Chronic Illness, Body Image & Getting Married
Seeing my wedding photos felt like staring at a stranger, who has somehow managed to impersonate me on that special day.
I quickly click away, before the tears reach my eyes, before I have to acknowledge that this – stranger – is me.
My illnesses have been hard on me, and they love to multiply their effects, making even the simplest tasks incredibly difficult.
Earlier last year I was grateful, because I hadn’t had many side effects from the Prednisolone (steroids) I have been on almost continuously since getting sick.
Turned out I just hadn’t been on them for long enough.
June 2015 was absolutely awful. Thanks to side effects from Methotrexate (originally used as chemotherapy), I could barely get out of bed, was throwing up every day, and frankly, I began questioning whether life was worth living, if that was to become my new normal.
As I went off the Methotrexate and the side effects diminished, I tried to get back to a healthy weight.
I put on 1kg in July, another in August.
Then in September I suddenly began having issues buttoning up my beloved new jeans.
When I stepped on the scales I got a massive shock; I had put on 10kg in a month.
My doctors have all agreed that it is due to the steroids, and encouraged me not to worry about it too much until I am off the steroids (a date that has kept getting pushed back, as I continue to experience severe side effects to any new medication we have trialled, including landing me briefly in hospital back on November).
And then there was that whole “getting married” business.
I am so incredibly grateful to myself for choosing a dress that would fit a vast variety of shapes and sizes, so at least I didn’t have to worry about fitting into my dress.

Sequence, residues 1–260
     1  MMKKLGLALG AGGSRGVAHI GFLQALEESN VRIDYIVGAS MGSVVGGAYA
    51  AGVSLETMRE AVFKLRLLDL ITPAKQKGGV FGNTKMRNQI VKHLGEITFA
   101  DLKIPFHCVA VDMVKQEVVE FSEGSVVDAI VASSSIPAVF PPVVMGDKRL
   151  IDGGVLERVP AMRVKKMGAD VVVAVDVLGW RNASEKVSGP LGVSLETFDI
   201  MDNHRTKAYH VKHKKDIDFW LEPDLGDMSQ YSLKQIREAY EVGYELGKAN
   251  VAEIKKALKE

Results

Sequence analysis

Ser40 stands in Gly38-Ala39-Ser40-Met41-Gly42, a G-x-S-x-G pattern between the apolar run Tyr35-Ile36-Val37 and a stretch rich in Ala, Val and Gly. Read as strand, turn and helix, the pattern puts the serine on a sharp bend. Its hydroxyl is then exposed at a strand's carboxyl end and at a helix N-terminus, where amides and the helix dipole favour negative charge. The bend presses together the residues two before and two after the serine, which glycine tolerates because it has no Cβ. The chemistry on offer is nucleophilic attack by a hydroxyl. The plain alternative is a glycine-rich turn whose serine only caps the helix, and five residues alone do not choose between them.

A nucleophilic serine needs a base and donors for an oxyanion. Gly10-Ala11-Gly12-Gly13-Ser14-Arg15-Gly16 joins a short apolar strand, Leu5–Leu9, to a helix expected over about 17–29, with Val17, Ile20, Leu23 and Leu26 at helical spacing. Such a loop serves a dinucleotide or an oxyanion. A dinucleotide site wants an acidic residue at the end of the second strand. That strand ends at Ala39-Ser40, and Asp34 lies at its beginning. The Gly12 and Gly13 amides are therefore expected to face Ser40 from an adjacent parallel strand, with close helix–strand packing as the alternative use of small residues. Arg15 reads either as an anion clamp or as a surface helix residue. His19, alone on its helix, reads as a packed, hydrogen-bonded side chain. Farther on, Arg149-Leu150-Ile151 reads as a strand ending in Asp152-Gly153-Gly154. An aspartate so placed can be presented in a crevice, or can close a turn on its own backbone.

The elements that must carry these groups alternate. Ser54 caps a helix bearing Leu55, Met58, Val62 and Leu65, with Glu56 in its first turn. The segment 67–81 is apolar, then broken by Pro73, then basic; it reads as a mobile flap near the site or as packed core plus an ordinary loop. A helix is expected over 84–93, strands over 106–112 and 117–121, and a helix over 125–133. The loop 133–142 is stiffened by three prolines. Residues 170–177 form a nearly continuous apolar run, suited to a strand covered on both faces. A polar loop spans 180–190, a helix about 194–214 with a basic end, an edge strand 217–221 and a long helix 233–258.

However, with that being said, going from a BMI of 20.2 half a year ago, to 29.7 today is concerning. And frankly damn frustrating, when the majority of your clothes won’t fit you any more. I would also have been happy to skip the steroid side effect of “moon face“, which led me to staring into the mirror, wondering “who are you, stranger?”.
I know it’s the illness, I know it’s the drugs, I know it’s not my fault, and I know it doesn’t make me any less valuable, or worthy, or loveable.
But I’m the product of a society that drills into us that our value lies in our looks.
I worry that when people look at my wedding pictures they will not see me, that they will not see how incredibly happy I was that day. That instead they will either pity me, knowing that it’s the illness and the medications, or judge me for “letting myself go”, if they aren’t aware of my health struggles.
I know there’s an important lesson for me here, about learning to love myself and my body, even without my previous privileges of size and beauty.
About learning to hold space for me, being okay with where I am, even as I take steps to fit into most of my clothes again.
Knowing that looking after myself and my body, to the best of my abilities, doesn’t mean that I can’t love myself where I am right now.
And right now, today, that means getting to know and love the stranger in the mirror.
- Posted in: Beauty & Body Image ♦ Favourites ♦ Health ♦ Life Skills ♦ Loving Yourself ♦ Relationships ♦ Uniquely You
- Tagged: beauty, body image, chronic illness, chronic pain, illness and body image, looking after yourself, loving yourself, moon face, prednisolone, self-care, Self-compassion, self-love, spoonie, steroids, wedding, weight